The word "drama" originated in Greece from a term meaning "action". The oldest recorded dramatic theory work is Aristotle's Poetics (335 BC). The Greek culture carried the tradition forward, and soon Rome adopted it. Thereon, drama quickly gained popularity in Europe, becoming known as "theatre" in England and France. European theatre's golden age in drama began during the Elizabethan era, which set the stage for drama throughout the world. Since then, London has become a prominent stage for dramatic productions in the past decades, and London drama tickets sell out in a flash.
Many acknowledge the power of drama as an effective method to enhance a person's emotional intelligence irrespective of their age. Drama stimulates creativity and imagination, helping develop an in-depth understanding of human behaviour and teaches us to empathise with situations that may otherwise seem distant. For decades, it has encouraged the development of critical thinking and making conscious decisions.
Different Kinds of Drama
When you think of drama, you might recall your favourite films or TV shows. However, drama is literary and focuses on stage performances. In literature, it refers to the stage action and written dialogue actors perform in front of an audience. There are several types of drama, and you have probably experienced all of them in your life.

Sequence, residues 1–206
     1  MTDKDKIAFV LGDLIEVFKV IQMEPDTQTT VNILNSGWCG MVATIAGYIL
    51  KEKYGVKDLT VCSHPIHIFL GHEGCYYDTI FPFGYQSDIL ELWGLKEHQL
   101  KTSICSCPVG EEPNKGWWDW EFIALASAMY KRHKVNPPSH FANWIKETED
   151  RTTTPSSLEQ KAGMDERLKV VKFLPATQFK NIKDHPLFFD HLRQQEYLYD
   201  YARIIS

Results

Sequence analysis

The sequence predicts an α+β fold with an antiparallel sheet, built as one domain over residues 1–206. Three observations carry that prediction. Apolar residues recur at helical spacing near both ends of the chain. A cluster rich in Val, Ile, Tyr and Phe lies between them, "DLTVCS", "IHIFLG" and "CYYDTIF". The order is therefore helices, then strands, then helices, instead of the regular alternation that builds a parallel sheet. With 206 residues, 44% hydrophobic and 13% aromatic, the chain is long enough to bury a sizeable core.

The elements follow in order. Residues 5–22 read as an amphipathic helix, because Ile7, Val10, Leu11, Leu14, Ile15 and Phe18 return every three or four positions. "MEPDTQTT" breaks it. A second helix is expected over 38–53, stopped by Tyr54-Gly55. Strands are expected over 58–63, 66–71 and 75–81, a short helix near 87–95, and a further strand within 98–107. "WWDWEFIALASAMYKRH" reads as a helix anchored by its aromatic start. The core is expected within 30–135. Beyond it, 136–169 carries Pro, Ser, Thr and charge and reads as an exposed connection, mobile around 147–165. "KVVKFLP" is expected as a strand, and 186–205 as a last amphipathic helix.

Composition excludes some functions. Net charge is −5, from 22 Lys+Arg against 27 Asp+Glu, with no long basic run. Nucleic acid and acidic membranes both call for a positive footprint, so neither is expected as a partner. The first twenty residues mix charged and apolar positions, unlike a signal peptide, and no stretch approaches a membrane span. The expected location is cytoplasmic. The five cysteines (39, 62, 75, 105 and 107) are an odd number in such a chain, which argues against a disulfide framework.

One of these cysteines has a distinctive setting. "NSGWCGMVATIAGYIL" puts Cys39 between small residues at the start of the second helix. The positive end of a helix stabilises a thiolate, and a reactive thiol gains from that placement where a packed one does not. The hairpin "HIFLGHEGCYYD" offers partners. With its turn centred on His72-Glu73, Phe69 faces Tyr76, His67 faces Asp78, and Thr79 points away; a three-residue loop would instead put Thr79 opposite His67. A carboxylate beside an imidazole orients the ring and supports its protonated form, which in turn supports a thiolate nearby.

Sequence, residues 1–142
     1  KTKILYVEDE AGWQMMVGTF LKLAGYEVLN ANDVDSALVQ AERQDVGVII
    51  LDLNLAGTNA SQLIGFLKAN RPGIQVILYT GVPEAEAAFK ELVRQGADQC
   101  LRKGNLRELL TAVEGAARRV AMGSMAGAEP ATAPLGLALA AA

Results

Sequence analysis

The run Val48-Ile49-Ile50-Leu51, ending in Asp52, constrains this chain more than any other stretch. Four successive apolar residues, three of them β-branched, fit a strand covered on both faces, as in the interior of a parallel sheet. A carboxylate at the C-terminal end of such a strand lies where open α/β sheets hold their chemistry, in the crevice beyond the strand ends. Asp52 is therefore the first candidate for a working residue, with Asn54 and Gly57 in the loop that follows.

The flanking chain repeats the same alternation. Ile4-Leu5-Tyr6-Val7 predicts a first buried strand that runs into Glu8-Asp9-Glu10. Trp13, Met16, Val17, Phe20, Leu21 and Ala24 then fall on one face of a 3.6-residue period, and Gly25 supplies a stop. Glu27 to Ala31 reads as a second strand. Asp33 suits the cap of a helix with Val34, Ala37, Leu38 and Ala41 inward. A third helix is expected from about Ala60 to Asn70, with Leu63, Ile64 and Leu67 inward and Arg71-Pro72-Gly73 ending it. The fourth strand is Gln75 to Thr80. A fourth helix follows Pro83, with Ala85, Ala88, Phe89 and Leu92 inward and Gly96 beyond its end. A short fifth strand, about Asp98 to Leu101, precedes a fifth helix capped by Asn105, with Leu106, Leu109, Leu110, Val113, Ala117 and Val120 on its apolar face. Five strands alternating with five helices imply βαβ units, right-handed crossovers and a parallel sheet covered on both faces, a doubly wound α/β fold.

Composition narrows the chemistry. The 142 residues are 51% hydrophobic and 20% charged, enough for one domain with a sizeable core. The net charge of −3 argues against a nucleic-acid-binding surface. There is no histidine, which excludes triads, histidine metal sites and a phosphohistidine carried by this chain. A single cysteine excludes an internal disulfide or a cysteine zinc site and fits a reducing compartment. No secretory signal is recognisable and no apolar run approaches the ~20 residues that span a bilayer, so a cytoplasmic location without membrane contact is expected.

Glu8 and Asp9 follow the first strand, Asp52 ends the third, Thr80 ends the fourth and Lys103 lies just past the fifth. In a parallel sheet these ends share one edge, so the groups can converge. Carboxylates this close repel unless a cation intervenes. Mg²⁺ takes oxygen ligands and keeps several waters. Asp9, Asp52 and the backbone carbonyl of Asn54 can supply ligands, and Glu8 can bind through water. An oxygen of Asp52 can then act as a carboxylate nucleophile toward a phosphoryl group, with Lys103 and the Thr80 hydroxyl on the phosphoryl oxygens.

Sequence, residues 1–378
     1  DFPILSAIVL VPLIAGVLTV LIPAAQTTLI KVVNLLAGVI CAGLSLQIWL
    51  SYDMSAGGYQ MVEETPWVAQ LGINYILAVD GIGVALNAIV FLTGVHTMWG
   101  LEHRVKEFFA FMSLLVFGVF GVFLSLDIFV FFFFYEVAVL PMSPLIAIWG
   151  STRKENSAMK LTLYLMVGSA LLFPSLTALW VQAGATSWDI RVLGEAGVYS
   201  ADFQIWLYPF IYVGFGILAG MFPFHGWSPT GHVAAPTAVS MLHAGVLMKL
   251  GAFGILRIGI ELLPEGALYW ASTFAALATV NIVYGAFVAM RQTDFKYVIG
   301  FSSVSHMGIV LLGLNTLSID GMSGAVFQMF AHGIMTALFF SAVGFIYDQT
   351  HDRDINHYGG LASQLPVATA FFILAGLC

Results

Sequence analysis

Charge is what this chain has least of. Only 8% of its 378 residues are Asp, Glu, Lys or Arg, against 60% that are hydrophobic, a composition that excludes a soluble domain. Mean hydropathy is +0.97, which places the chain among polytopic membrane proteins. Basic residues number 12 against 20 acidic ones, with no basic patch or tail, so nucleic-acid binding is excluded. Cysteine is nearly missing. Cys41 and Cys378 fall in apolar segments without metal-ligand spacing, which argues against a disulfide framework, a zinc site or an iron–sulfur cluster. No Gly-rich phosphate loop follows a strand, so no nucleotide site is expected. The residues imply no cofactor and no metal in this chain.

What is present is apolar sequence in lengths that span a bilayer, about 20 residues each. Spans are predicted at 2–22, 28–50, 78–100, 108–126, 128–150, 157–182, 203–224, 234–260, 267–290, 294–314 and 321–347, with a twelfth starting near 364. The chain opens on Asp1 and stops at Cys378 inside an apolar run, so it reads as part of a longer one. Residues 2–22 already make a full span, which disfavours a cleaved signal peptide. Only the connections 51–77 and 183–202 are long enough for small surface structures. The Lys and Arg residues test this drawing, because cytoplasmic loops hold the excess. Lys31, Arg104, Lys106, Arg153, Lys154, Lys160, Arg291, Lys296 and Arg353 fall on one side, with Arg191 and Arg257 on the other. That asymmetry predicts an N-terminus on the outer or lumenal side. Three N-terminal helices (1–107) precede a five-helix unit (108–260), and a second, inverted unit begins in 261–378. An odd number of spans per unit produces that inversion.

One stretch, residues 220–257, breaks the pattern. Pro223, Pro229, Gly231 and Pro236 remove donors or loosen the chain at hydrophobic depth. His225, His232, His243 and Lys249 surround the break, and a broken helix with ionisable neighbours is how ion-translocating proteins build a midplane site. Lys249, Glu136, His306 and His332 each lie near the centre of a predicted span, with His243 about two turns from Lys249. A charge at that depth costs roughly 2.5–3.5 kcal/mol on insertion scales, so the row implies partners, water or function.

• Comedy: It has a light-hearted tone, silly characters, serious subjects addressed using humour, brilliant wordplay, as well as a happy ending.
• Farce: Like the former, farce is considered a broad comedy. Shows often involve improbable events, a slapstick storyline, and gaga, often inappropriate and exaggerated humour.
• Opera: Another important and ancient form of drama that sells many London drama tickets; operas include sung dialogues instead of spoken. The production is based on a musical score and has elaborate costume design and sets. The subject matter of opera can be melodramatic, comic, or tragic.
• Melodrama: It has a serious story to tell and can have a happy or sad ending. Melodrama involves many actors playing heroes, villains, mentors and more.
• Musical drama: While musical drama can be mistaken for opera, this type of drama features a quality storyline laced with songs. You will hear a distinctive and catchy musical score and enjoy plenty of singing and dancing. Perhaps the most noticeable element of musical drama is the feelings expressed by multiple characters singing together.
• Tragedy: Tragedy is common in drama, and London drama tickets often sell out for tragic plays. Unlike comedy, it has a sad ending and a hero with a flaw. Dark and serious themes like poverty and hatred, the downfall of a good character, etc. mark tragedy dramas.
• Tragicomedy: Tragicomedies present unconventional stories that are both sad and happy, and show characters acting in classical comedic manners.